The TouchWiz interface as a whole feels silky smooth, despite the phone having a 667MHz CPU.
Internet and Connectivity:
The default WebKit-based browser renders even heavy pages quickly and reflows the text to fit on the small screen with ease. Kinetic scrolling on heavy pages is choppy, however, due to the hardware limitations (or software imperfections). When zoomed in, though, the page fluidly scrolls in all directions. The Galaxy 3 is getting updated to Android 2.2, as Samsung promised, so the browser will show Adobe Flash as well, which, of course, can’t make up for the lag and meager WQVGA resolution beaming a pixelated webpage.
The default WebKit-based browser renders even heavy pages quickly
The phone has a full range of connectivity options (3G, Wi-Fi b/g/n, GPS, FM radio), including Bluetooth 3.0. With A-GPS we locked signal quickly, and were using Google Maps Navigation mere seconds after we fired it up.
Camera and Multimedia:
There is no dedicated camera button on the Galaxy 3, and no flash of any kind to complement the 3MP shooter. The camera interface offers a range of preset scene modes, as well as useful shooting modes such as panorama, continuous shooting and smile detection. The 3MP snaps are actually not bad for the resolution since the camera captures enough detail with true colors and decent focus. The manual touch focus doesn’t always lock the object properly, and the pictures often get blurry as a result.
Video capture is QVGA with the choppy 15fps, so the Galaxy 3 won’t replace your standalone camera soon, but at least the colors are accurate.
Some 3D effects in the gallery grid are present in the Galaxy 3, but indexing files and scrolling through pages with multimedia suffered because of the slower CPU. Pictures and videos, of course, don’t look anything like on a Super AMOLED screen, though they still look fine.
Some 3D effects in the gallery grid are present in the Samsung Galaxy 3
The excellent music player we found in the Galaxy S is present here as well, and, what is more important, its 5.1 channel surround sound in headset mode was intact, too. The tabs on the top allow sifting through your collection by artist, album and playlists, or display all at once. Landscape mode brings along some eye candy like CD cover flow or an alphabetical wheel, to pick your music poison. Sharing the song via email or Bluetooth is done from the context menu while playing. The current song keeps going in the background when the screen is locked, and you can even pull down the notification area then to display the controls.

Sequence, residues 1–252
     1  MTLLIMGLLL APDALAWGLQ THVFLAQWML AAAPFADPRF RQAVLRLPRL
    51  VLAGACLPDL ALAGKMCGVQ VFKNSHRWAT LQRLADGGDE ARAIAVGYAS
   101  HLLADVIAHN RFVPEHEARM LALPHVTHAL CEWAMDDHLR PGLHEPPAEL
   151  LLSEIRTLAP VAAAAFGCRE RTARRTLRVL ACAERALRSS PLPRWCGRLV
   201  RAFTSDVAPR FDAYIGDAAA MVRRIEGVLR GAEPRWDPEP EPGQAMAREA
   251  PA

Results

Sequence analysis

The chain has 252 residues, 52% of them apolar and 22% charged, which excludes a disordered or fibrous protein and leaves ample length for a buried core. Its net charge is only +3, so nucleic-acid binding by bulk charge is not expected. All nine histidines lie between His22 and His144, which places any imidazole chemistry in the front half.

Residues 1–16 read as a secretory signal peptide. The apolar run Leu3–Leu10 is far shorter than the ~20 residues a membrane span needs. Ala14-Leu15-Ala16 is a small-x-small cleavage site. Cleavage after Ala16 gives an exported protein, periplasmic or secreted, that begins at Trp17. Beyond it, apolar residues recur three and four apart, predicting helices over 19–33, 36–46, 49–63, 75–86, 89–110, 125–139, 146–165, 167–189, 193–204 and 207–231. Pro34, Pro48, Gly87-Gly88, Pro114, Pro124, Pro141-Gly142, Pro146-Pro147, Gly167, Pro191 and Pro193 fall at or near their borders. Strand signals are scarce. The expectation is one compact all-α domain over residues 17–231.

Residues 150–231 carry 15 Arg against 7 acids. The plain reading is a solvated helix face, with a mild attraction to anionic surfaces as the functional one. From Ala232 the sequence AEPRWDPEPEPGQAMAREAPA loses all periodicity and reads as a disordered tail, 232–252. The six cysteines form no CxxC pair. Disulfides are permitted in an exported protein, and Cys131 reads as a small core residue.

Samsung is great in video format support, and the Galaxy 3 is no exception – it plays DivX/XviD out of the box. Videos run all the way up to the 720×480 resolution, and only afterwards the phone gave us a warning that it can’t play the file.
Our incoming calls sounded loud but a bit hollow on the Samsung Galaxy 3, and the other party was hearing us clearly, though the voices were somewhat pitched.
The phone’s loudspeaker is nothing to write home about – while strong, the produced sound is with the ubiquitous flat and tinny effect. In headset mode, due to the 5.1 channel surround audio effect, the results are much better.
There is a large 1500mAh battery inside the Samsung Galaxy 3, which is rated for 7hrs of talk time and 21 days of standby in 3G mode.
The Samsung Galaxy 3 should make a compelling mid-range Android device with its capacitive screen, polished TouchWiz interface with SNS integration, and generous battery size. However, the design is nothing impressive, and the CPU plus the screen resolution render browsing often choppy and pixelated. Its strengths are mainly the social networking integration and the extensive video format support, but for quality indoor photos and HD video capture you will have to look elsewhere.
For the Galaxy 3 to win hearts, the price has to be right (read: cheap), but we still can’t vouch for that.
One good alternative to the Galaxy 3 from the manufacturer is the bada-based Samsung Wave with its Super AMOLED screen and camera that does 720p video, plus great indoor photos. If it definitely has to be Android, the HTC Wildfire might also beg for your attention with an intriguing design, and a 5MP camera with flash.
Samsung Galaxy 3 Video Review: